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An individual from northeastern Iowa has been confirmed as the first measles case in the state since 2011, according to the state Department of Public Health.

The individual, who the DPH would not further identify, was unvaccinated and had recently returned from Israel, where the DPH says the measles transmission occurred.

From Jan. 1 to April 11, 555 cases of measles have been confirmed in 20 states, according to the Centers for Disease Control. This is the second-greatest number of cases reported in the United States since measles was eliminated in 2000.

The states that have reported cases to CDC are Arizona, California, Colorado, Connecticut, Florida, Georgia, Illinois, Indiana, Kentucky, Maryland, Massachusetts, Michigan, Missouri, Nevada, New Hampshire, New Jersey, New York, Oregon, Texas, and Washington.

Iowa's case was reported after April 11 and is not included in the national count yet.

There are two main reasons for the outbreak, say federal health officials: more international travel and lower vaccination rates.

Measles outbreaks – three or more reported cases – are now ongoing in New York City, Rockland County, New York; New Jersey; Michigan; and Butte County, California.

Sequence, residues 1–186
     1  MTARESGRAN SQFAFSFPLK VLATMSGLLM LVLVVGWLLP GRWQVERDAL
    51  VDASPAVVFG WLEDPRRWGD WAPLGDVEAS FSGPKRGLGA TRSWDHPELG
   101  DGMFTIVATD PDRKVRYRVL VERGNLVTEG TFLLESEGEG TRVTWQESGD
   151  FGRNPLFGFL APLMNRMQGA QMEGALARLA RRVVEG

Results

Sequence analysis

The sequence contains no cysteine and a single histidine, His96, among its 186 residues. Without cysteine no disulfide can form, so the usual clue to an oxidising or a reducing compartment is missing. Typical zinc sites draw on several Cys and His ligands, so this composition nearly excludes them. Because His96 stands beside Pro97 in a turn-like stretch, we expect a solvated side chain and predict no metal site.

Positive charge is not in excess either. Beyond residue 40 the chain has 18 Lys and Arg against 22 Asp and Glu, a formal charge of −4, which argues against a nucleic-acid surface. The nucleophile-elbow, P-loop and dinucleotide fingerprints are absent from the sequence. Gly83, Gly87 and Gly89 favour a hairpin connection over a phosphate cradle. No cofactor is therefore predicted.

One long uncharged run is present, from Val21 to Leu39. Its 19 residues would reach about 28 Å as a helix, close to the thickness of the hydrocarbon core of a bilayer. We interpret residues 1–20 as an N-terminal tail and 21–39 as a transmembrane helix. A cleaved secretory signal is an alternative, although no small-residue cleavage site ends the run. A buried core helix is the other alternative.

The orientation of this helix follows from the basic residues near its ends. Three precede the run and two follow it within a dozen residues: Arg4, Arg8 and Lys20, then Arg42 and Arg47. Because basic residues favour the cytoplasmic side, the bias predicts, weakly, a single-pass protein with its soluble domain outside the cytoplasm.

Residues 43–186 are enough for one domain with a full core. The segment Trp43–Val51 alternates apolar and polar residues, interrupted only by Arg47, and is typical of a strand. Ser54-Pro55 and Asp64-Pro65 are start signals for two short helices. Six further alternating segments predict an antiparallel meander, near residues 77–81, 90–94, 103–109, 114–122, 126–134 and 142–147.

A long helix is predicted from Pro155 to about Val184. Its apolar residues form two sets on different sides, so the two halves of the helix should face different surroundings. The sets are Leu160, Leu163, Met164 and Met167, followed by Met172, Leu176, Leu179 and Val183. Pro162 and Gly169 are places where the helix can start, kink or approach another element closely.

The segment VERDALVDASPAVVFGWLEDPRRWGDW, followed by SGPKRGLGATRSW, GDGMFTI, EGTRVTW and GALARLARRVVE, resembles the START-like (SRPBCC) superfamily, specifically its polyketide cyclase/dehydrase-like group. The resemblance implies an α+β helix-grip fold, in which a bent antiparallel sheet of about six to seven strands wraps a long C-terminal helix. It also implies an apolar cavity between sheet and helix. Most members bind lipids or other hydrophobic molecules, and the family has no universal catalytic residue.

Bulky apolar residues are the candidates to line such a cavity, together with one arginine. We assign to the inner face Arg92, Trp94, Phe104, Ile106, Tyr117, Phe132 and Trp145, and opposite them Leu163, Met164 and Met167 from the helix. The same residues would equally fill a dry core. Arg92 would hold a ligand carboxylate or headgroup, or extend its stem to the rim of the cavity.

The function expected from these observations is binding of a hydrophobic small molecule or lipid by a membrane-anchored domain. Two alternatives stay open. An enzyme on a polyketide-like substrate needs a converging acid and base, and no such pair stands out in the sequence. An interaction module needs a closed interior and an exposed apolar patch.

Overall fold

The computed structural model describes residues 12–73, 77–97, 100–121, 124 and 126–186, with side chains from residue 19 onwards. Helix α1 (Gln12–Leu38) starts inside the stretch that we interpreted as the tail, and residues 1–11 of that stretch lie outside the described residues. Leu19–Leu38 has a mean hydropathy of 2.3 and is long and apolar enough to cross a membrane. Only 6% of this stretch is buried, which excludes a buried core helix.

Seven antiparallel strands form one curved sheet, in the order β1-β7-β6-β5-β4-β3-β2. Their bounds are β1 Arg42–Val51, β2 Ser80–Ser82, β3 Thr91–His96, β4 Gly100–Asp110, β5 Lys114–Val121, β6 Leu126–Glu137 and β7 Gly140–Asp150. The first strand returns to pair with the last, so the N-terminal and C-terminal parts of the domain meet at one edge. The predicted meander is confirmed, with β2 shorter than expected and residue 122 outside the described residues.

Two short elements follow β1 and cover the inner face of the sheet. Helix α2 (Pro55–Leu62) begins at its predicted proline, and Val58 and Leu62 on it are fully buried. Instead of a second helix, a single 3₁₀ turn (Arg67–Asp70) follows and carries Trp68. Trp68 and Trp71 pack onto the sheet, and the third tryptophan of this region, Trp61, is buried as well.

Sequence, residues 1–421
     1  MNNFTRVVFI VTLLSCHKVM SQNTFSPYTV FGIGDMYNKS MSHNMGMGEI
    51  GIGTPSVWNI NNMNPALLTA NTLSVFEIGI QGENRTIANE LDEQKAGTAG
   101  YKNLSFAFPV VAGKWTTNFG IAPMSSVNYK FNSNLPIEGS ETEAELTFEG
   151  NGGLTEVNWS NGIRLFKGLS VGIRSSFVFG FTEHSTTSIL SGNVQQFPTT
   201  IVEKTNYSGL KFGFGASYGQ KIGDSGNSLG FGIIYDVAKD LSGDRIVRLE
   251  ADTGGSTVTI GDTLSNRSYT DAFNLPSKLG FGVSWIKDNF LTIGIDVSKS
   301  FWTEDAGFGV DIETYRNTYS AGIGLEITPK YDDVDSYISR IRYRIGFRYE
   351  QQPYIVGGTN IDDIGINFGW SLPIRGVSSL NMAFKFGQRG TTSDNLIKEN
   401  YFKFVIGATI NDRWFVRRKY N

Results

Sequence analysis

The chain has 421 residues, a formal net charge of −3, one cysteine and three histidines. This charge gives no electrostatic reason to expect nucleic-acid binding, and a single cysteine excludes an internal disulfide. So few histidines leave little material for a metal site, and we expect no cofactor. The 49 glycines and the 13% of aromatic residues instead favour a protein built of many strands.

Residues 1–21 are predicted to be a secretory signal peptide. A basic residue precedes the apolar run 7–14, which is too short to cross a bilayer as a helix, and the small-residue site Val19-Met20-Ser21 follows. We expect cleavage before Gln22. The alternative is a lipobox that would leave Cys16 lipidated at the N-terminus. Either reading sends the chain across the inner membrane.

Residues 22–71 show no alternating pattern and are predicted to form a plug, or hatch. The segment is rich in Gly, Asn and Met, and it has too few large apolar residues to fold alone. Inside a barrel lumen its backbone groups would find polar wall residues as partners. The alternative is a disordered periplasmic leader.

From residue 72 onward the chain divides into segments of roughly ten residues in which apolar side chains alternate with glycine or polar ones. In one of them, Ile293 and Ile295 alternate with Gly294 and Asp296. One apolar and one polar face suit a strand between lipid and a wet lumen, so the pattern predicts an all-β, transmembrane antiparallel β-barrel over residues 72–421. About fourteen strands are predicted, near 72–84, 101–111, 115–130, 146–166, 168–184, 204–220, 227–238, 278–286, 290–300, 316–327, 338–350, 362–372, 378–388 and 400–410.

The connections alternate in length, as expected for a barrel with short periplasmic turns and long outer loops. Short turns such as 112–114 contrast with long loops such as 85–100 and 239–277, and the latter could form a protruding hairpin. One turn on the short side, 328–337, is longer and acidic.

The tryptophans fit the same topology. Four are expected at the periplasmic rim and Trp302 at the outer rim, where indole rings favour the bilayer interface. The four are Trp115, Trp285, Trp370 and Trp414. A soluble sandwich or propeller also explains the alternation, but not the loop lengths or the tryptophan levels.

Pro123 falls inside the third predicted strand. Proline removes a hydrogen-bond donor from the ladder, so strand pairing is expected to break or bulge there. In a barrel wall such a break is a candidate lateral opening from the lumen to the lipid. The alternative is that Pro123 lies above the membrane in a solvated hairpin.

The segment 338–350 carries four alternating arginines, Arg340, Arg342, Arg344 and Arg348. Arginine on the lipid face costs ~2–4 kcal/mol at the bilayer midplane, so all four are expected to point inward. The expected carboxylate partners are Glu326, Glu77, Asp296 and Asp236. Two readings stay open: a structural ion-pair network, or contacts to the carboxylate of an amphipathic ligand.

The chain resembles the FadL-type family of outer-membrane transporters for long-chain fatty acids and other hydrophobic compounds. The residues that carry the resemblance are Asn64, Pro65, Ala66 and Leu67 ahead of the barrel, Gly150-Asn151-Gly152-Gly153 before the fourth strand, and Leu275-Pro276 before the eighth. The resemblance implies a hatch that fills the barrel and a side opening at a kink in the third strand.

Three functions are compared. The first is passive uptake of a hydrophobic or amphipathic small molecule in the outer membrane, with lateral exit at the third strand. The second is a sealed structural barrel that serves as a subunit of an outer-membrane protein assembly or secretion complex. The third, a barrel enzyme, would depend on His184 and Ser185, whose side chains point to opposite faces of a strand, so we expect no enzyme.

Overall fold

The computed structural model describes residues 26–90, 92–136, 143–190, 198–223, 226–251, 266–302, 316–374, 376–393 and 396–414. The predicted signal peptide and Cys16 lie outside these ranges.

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New York City declared a public health emergency last week in parts of  Brooklyn after nearly 300 cases in two neighborhoods were identified since last October. Both neighborhoods are home to ultra-Orthodox Jews, some of whom have resisted vaccinations.

On its website, the CDC posted a Level 1 warning about travel to Israel, recommending anyone who travels there be vaccinated.

Iowa Public Health officials are following up with potentially exposed people to ensure they are vaccinated against the illness.

The measles – or rubeola – virus causes symptoms that may not show up for 10-14 days, but begins with a mild to moderate fever, often accompanied by a persistent cough, runny nose, inflamed eyes (conjunctivitis) and sore throat that lasts two or three days, according to Mayo Clinic. A spreading rash and high fever usually follows.

A person with measles can spread the virus to others for about eight days, starting four days before the rash appears and ending when the rash has been present for four days.

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